Note: This is a shallow copy, so it also assigns objects/arrays by reference instead of by value.

8. JSON.parse and JSON.stringify (Deep copy)

JSON.stringify turns an object into a string.

JSON.parse turns a string into an object.

Combining them can turn an object into a string, and then reverse the process to create a brand new data structure.

Note: This one safely copies deeply nested objects/arrays!

nestedNumbers = [[1], [2]];
numbersCopy = JSON.parse(JSON.stringify(nestedNumbers));

numbersCopy[0].push(300);
console.log(nestedNumbers, numbersCopy);

// [[1], [2]]
// [[1, 300], [2]]
// These two arrays are completely separate!

9. Array.concat (Shallow copy)

concat combines arrays with values or other arrays.

[1, 2, 3].concat(4); // [1, 2, 3, 4]
[1, 2, 3].concat([4, 5]); // [1, 2, 3, 4, 5]

If you give nothing or an empty array, a shallow copy’s returned.

[1, 2, 3].concat(); // [1, 2, 3]
[1, 2, 3].concat([]); // [1, 2, 3]

Note: This also assigns objects/arrays by reference instead of by value.

10. Array.from (Shallow copy)

This can turn any iterable object into an array. Giving an array returns a shallow copy.

numbers = [1, 2, 3];
numbersCopy = Array.from(numbers);
// [1, 2, 3]

Note: This also assigns objects/arrays by reference instead of by value.

Conclusion

Well, this was fun ?

I tried to clone using just 1 step. You’ll find many more ways if you employ multiple methods and techniques.

#javascript #array #webdev

What is GEEK

Buddha Community

10 Ways to Clone an Array in JavaScript
Lowa Alice

Lowa Alice

1624388400

JavaScript Arrays Tutorial. DO NOT MISS!!!

Learn JavaScript Arrays

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The origin of the article: https://www.youtube.com/watch?v=oigfaZ5ApsM&list=PLTjRvDozrdlxEIuOBZkMAK5uiqp8rHUax&index=4
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Thanks for visiting and watching! Please don’t forget to leave a like, comment and share!

#arrays #javascript #javascript arrays #javascript arrays tutorial

Terry  Tremblay

Terry Tremblay

1602154740

Fill and Filter in Array in JavaScript

By the word Array methods, I mean the inbuilt array functions, which might be helpful for us in so many ways. So why not just explore and make use of them, to boost our productivity.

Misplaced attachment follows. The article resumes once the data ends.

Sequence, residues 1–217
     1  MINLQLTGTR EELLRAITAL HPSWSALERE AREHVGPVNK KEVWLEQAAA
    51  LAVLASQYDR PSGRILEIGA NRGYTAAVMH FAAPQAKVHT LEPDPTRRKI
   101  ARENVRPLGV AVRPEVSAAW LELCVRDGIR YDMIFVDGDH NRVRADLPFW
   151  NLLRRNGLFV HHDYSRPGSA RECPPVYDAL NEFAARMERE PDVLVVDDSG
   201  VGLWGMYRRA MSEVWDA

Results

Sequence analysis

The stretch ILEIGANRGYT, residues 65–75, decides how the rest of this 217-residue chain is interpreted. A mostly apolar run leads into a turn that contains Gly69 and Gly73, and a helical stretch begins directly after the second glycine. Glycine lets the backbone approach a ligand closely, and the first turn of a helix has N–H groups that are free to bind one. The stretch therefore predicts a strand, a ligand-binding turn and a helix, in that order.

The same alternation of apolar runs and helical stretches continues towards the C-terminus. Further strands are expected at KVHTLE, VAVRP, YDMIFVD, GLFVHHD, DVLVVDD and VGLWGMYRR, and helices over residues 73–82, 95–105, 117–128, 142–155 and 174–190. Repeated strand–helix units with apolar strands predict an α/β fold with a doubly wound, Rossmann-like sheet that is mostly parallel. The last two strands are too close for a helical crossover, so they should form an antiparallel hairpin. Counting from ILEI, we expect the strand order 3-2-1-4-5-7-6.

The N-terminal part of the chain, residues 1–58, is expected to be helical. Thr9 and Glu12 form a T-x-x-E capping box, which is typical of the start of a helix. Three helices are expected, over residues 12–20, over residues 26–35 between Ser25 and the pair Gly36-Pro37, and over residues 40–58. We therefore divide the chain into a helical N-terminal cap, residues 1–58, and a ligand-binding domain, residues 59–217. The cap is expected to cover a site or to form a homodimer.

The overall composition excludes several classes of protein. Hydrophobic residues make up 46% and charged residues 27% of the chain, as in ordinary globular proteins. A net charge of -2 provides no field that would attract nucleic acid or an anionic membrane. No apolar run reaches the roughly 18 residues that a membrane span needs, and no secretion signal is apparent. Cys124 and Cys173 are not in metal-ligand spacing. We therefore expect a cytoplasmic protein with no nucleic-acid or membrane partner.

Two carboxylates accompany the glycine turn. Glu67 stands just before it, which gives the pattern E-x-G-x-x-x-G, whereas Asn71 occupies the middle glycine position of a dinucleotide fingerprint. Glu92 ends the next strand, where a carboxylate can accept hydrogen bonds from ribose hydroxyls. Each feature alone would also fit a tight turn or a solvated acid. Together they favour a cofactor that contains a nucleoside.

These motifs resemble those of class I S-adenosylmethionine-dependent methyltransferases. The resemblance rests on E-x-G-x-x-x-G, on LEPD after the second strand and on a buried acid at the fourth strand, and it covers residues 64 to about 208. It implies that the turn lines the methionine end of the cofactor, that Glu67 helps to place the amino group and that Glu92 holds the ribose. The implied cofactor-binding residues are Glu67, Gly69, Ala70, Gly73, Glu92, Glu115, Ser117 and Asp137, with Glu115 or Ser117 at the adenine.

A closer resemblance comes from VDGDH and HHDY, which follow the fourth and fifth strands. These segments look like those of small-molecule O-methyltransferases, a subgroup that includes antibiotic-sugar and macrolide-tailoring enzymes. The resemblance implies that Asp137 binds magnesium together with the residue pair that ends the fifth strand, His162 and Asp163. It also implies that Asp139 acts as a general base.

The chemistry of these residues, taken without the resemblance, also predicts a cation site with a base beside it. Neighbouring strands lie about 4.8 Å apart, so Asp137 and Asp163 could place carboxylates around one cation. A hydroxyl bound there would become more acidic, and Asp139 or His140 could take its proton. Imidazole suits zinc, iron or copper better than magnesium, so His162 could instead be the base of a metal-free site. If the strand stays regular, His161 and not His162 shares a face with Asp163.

Let’s see them together one by one with some amazing examples.

Array.fill():

The _fill()_ method changes all elements in an array to a static value, from a start index (default _0_) to an end index (default _array.length_). It returns the modified array.

In simple words, it’s gonna fill the elements of the array with whatever sets of params, you pass in it. Mostly we pass three params, each param stands with some meaning. The first param value: what value you want to fill, second value: start range of index(inclusive), and third value: end range of index(exclusive). Imagine you are going to apply this method on some date, so that how its gonna look like eg: array.fill(‘Some date’, start date, end date).

NOTE: Start range is inclusive and end range is exclusive.

Let’s understand this in the below example-

//declare array
var testArray = [2,4,6,8,10,12,14];

console.log(testArray.fill("A"));

When you run this code, you gonna see all the elements of testArray will be replaced by 'A' like [“A”,"A","A","A","A","A","A"].

#javascript-tips #array-methods #javascript-development #javascript #arrays

6 Ways to Add Items to an Array in JavaScript

There are various ways to add or append an item to an array. We will make use of pushunshiftspliceconcatspread and index to add items to array. Let’s discuss all the 6 different methods one by one in brief.

The push() method

This method is used to add elements to the end of an array. This method returns the new array length.

const movies = ['Avengers', 'Iron-man', 'Thor'];

const newLength = movies.push('Hulk'); 

console.log(movies); // ['Avengers', 'Iron-man', 'Thor', 'Hulk'];

console.log(newLength); //4

We can also add multiple values with push method.

const movies = ['Iron-man', 'Thor']; 

movies.push('Avengers', 'Deadpool', 'Hulk');

console.log(movies); 
// ["Iron-man", "Thor", "Avengers", "Deadpool", "Hulk"]

The unshift() method

The unshift() method is used to add elements at the beginning of an array. This method returns the new array length.

const cars = ['Audi', 'BMW', 'Jaguar']; 

const newLength = cars.unshift('Mercedes'); 
console.log(newLength ); // 4 
console.log(cars); // ['Mercedes', 'Audi', 'BMW', 'Jaguar']

We can also add multiple values with unshift() method.

const cars = ['Audi', 'Jaguar']; 

cars.unshift('Mercedes', 'Tesla'); 
console.log(cars); // ['Mercedes', 'Tesla', 'Audi', 'Jaguar']

#arrays #web-development #javascript-tips #javascript #javascript-development

Cayla  Erdman

Cayla Erdman

1597470780

A quick guide to JavaScript Arrays

Introduction

Arrays are a structure common to all programming languages so knowing what they are and having a firm grasp on what you’re able to accomplish with Arrays will take you a long way in your journey as a software developer. The code examples I share in this post will be in JavaScript but the concepts are common among all languages. What you learn here can easily be translated to any other language you work with.